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Accepted Paper:

It’s a global village (if you speak the right language): AI and the right to use first language in digital domains  
Noa Mor

Short abstract:

This research examines the digital disparities among languages and their social, cultural, and legal implications. It further considers whether international law can support a right to participate in digital domains using one’s first language.

Long abstract:

The digital age offers unprecedented opportunities to access, create, and share information. However, many benefits are primarily available in English and a few other languages, many of which are European. When attempting to use their first language, speakers of less advantageous languages often face barriers such as limited broadband access, unsuitable equipment such as keyboards, apps that do not support their languages, and scarcity of relevant content. Despite advancements in AI, specifically in Natural Language Processing (NLP) and Large Language Models (LLMs), which have broadened language coverage, these technologies frequently fail to match the performance available to speakers of digitally dominant languages. Such restricted access to digitalization in one’s first language may bear profound ramifications in education, health, law, employment, culture, and religion. It may also undermine cultural diversity, the plurality of voices, and a meaningful market of ideas. Moreover, it risks diminishing vulnerable and low-resource languages and may even lead to their extinction.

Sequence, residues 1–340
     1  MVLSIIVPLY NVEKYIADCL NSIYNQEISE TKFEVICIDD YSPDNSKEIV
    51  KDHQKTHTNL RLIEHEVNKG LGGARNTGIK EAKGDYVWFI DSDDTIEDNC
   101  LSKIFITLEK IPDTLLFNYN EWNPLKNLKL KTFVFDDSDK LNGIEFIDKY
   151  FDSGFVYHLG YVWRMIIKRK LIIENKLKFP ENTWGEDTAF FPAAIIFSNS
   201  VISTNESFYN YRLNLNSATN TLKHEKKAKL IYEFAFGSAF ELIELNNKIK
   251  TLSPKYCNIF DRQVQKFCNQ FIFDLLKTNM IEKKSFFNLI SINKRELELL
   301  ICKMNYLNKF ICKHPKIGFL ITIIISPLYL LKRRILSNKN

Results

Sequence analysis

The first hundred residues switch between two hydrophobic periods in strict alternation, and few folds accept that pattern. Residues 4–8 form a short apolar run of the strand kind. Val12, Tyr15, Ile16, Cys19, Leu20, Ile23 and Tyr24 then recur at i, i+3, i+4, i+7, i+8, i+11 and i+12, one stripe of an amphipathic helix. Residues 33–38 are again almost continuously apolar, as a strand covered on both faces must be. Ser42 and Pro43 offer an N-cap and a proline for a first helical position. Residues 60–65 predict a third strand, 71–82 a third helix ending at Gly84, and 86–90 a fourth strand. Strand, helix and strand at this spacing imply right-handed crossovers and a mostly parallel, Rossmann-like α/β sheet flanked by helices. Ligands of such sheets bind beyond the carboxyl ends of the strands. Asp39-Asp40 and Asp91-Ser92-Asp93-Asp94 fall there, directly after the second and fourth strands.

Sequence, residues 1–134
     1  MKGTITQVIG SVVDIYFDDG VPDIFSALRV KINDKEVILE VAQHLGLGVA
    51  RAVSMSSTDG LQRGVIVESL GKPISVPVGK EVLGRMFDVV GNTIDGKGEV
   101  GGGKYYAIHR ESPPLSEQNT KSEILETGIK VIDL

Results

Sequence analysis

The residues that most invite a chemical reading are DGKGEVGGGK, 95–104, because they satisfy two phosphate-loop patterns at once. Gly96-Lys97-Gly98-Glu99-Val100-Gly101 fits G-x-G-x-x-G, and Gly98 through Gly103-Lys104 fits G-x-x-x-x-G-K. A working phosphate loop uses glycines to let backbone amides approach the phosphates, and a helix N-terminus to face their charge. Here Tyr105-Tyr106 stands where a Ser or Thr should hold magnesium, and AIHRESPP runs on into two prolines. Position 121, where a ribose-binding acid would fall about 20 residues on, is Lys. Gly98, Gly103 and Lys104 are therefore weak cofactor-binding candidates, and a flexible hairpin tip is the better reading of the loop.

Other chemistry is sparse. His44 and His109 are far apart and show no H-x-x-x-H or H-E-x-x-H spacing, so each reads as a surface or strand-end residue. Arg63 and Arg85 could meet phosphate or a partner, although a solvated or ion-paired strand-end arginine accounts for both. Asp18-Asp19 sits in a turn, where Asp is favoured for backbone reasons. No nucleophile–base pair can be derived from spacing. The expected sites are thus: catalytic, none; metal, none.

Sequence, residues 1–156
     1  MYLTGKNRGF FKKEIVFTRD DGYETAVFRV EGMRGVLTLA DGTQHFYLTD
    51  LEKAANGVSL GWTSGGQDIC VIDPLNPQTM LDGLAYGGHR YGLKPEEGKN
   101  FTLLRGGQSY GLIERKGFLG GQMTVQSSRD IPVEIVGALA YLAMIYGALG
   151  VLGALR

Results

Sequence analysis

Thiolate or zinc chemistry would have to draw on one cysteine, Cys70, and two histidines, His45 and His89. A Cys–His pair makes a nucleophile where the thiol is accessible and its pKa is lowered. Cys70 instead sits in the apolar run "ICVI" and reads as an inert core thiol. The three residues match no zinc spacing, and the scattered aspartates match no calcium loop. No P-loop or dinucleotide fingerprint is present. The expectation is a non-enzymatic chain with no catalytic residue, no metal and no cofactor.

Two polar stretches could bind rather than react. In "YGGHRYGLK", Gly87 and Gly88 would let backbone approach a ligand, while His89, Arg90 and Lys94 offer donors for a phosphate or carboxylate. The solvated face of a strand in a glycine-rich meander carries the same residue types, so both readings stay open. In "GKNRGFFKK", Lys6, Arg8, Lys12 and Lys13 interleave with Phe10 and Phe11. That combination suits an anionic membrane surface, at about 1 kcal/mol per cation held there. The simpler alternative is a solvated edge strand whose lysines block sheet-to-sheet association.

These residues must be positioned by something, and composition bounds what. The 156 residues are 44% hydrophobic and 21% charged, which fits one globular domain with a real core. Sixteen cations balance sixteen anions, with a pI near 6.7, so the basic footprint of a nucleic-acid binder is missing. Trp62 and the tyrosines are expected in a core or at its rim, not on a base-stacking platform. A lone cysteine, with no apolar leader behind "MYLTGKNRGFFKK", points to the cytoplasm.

My research examines the digital disparities among languages and their social, cultural, and legal implications. It further explores three categories of human rights as potential frameworks for this right: (1) always-applicable human rights, such as linguistic rights and freedom of expression; (2) context-dependent rights, like the right to health or education; (3) digital-age human rights, including the right to access the internet. Drawing on the UN Guiding Principles on Business and Human Rights and focusing on the third category, the study highlights the responsibilities of states and platforms in upholding such rights.

Traditional Open Panel P224
Big data and artificial intelligence global asymmetries: infrastructures, skills, uses, value and side effects
  Session 2